special education learning theories
In 1984, a survey of many of the leaders in our field was commissioned by the Journal of Learning Disabilities to identify the most widespread beliefs and concerns about the learning disabilities field at that time (Adelman & Taylor, 1985). One of the most frequently cited concerns in the survey centered on the need to improve both theory and research on learning disabilities. In response to some of these concerns, I wrote a relatively optimistic paper titled “Learning Disabilities Theory: Its Current State and Future Prospects,” which appeared in JLD in 1986 (Torgesen, 1986). The paper was optimistic because it identified some of the reasons for past difficulties in theory development and showed that at least some of these difficulties (those involving a lack of adequate scientific concepts and methodology to support the study of learning disabilities) were well on the way to being overcome. I remain optimistic about the future of theory development in our field, not only because the supporting scientific methodology has continued to advance, but also because we are moving toward greater clarity in our discussion of issues that have frequently produced theoretical confusion about learning disabilities.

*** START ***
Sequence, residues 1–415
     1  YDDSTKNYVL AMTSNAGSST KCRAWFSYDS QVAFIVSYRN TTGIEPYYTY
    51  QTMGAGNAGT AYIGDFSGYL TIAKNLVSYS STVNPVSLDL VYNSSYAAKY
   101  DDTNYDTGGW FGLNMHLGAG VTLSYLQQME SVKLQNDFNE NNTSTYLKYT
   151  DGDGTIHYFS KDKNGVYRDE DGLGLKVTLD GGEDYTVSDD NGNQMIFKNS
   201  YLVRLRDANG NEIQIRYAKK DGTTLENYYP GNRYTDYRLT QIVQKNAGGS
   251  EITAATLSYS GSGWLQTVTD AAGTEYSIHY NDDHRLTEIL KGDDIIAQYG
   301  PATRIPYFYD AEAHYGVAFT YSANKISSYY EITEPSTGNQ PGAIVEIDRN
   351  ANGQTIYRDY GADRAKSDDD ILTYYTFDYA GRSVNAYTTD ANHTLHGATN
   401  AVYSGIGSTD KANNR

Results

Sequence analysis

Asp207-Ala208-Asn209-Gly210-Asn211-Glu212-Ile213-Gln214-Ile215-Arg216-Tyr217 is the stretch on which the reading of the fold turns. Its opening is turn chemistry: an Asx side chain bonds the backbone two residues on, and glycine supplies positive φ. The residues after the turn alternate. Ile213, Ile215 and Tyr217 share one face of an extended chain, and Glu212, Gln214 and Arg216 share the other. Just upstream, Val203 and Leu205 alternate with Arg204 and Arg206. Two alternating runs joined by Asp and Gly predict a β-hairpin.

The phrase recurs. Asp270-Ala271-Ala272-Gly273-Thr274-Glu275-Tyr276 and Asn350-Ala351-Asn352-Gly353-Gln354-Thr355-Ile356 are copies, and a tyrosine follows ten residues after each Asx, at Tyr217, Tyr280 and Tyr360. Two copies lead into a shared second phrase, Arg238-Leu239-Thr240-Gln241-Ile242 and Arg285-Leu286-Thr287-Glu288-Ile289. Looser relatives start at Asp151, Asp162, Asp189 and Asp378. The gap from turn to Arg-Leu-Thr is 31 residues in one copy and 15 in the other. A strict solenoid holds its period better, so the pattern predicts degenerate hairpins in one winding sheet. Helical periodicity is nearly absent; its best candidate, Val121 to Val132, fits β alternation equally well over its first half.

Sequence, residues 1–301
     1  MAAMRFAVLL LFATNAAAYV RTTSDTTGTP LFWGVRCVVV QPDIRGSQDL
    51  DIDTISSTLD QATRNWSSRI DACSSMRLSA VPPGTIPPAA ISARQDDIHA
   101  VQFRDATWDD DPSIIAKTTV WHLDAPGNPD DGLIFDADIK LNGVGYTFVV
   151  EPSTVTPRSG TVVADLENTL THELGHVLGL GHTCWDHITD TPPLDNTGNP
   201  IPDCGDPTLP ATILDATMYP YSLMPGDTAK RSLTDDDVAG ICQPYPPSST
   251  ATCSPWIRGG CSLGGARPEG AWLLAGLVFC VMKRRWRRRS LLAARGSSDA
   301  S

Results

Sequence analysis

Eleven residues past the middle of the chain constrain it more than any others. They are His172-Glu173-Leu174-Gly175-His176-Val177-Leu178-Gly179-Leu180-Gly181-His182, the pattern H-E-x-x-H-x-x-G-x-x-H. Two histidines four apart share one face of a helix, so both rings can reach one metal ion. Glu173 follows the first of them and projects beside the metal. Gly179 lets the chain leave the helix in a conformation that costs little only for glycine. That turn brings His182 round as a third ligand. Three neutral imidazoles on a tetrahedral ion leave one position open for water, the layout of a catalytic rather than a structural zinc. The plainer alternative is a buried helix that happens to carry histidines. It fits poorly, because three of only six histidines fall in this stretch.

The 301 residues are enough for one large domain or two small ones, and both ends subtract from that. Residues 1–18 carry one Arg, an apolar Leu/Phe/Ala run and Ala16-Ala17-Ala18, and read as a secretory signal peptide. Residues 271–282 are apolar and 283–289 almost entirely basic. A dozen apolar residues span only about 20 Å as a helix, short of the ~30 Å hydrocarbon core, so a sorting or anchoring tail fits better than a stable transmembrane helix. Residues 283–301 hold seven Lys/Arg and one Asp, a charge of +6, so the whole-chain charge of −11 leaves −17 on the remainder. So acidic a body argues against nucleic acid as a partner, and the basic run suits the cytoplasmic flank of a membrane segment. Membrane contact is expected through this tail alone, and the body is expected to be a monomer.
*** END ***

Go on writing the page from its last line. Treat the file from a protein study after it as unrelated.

Unable to display preview. Download preview PDF.